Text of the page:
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Hillary Browning ’25
Determination Has a Ripple Effect
“I hiked Mt. Fuji during a typhoon,” Hillary Browning ’25 recalled of her time serving in the U.S. Navy. “Mostly by accident, but also because I am stubborn.”
She and her then-boyfriend, now husband, had planned to climb the iconic mountain with some Japanese Self-Defense Force sailors, but when they arrived at the base, they realized the weather was deteriorating quickly. However, they had come a long way and weren’t going to be deterred.
“The rain drops were coming in so hard that it felt like hail. Visibility was less than 20 feet,” she remembered. “The employees at every checkpoint kept asking us to please turn around, but we pressed on.”
The same determination that allowed her to summit Japan’s highest mountain also brought her to Yale Law School.
Growing up in New Braunfels, Texas, in the greater San Antonio area, Browning wanted to attend college after high school but her family couldn’t afford it, so she enlisted in the Navy for the opportunities it would provide. “It was always meant to be a temporary gig — just a stepping-stone to a college education,” she explained.
Browning was deployed to Japan and Afghanistan during her six years as a Navy journalist (called a Mass Communication Specialist). She also spent a year at sea stationed on the aircraft carrier USS Dwight D. Eisenhower. While serving as editor-in-chief of the ship’s daily newspaper, she wrote a piece on the ship’s Commanding Officer (CO) that won the Navy’s award for Feature Story of the Year.
“The CO can be so far removed from most enlisted people, and even junior officers, that it was fun to humanize him a bit,” Browning recalled. “Even though it’s not the most ‘hooyah’ military topic, I liked the personal stories.”
Browning’s video production work in Afghanistan stands out as the highlight of her military journalism career. She is quick to point out that “documenting operations in a combat zone was the original purpose for a military journalist.”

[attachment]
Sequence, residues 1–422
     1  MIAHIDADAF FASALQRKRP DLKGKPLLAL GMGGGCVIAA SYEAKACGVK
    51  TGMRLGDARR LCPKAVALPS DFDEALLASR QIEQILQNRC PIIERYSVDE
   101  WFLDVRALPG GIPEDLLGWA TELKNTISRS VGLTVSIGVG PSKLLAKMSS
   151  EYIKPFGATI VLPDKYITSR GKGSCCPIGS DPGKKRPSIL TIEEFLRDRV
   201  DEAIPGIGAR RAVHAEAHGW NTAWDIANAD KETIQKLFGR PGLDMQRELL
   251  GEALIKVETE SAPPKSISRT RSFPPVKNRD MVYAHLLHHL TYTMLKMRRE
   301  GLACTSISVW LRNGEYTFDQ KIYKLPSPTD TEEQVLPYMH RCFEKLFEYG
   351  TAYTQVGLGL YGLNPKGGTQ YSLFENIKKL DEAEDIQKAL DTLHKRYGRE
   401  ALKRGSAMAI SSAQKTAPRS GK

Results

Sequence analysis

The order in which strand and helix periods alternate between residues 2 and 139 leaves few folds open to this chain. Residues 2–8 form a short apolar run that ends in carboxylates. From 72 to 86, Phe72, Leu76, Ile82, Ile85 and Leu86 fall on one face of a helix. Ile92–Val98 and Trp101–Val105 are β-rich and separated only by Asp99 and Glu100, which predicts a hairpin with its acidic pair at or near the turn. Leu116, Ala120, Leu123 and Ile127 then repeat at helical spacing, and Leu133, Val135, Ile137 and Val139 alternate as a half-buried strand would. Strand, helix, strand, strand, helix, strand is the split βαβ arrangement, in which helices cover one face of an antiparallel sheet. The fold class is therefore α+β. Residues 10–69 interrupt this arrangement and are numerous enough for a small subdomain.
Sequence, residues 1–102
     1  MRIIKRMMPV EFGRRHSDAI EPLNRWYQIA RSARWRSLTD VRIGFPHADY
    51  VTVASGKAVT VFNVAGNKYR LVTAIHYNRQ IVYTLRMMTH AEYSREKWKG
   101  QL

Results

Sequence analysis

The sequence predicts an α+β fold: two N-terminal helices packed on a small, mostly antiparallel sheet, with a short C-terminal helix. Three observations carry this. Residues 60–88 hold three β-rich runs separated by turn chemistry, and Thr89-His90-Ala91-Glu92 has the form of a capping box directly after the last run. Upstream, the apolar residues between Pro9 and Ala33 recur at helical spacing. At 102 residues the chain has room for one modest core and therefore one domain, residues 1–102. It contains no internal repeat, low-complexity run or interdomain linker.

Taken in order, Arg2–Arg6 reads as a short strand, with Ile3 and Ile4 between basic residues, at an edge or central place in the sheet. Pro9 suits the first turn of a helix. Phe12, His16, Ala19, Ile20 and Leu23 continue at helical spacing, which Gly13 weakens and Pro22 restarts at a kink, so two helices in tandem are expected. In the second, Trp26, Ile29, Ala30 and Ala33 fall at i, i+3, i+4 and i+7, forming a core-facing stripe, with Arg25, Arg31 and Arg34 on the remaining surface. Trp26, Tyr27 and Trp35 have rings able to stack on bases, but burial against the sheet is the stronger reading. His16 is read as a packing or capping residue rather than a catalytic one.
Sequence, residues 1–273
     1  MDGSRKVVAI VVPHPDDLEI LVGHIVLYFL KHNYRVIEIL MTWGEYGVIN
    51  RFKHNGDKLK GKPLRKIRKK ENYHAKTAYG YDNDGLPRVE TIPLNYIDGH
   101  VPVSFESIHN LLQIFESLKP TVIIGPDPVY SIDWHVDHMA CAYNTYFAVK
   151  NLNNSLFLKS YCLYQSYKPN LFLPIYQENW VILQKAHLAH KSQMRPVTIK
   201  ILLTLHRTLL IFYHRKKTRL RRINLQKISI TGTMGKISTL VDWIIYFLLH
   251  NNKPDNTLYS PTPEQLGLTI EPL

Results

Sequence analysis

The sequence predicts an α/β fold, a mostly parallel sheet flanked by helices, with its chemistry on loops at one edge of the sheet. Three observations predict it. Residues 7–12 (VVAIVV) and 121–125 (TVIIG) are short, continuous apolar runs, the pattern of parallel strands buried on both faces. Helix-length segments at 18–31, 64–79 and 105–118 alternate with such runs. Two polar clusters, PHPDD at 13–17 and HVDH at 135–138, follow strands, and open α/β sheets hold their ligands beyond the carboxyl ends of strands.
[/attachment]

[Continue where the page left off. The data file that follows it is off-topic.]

Sometimes she shadowed a solider to document their day on the job. “I did a story on a Civil Affairs Officer who met with local Afghan police officers to discuss their needs for defending themselves and their community against the Taliban,” she remembered. Other times, she covered service members’ outreach activities, for example, traveling to a local Afghan orphanage to donate winter coats and gloves. Browning found the work meaningful. So did the U.S. Army, which recognized her with a Commendation Medal.
However, for all these accolades, Browning’s proudest accomplishment is not rooted in her excellence in journalism but rather in her role as a mentor for higher education. While Browning was exploring college opportunities after active duty, she encouraged a few friends to apply. When she was accepted to Yale College through its nontraditional students’ program, and then featured in an article about Yale’s veterans, many sailors reached out to her and asked how they could get into college.
“It’s a great source of pride to know that service members have been persuaded to apply to college after hearing my story,” she said.
While an undergraduate at Yale, Browning took a class taught by a Connecticut judge that focused on the First Amendment. The professor and the course material sparked her interest in law school and the field of public interest law.
By the time Browning applied to law school, her husband had entered the nontraditional students’ program at Yale College, and they were settled in New Haven with their growing family. Yale Law School was the ideal place for Browning, both reputationally and geographically.
“I applied for the fall 2021 admissions cycle and was waitlisted,” she said. “This did not deter me. In fact, it buoyed me. I anticipated being flat-out rejected from Yale Law School. I would gleefully tell people who asked, ‘I got waitlisted at Yale!’” Encouraged to try again, Browning applied for the fall 2022 cycle and was admitted. “It seems crazy to think that five years ago, I was just starting to think about law school as an idea, and now I’m at YLS,” Browning observed.
Reflecting on her 1L fall semester, Browning said, “So far, balancing law school and a family has been challenging in ways I didn’t expect, but I feel very supported and cared for at YLS — specifically because of the small group construction, which has given me 15 people to lean on.”
This profile is one of six in a series on veterans in the class of 2025.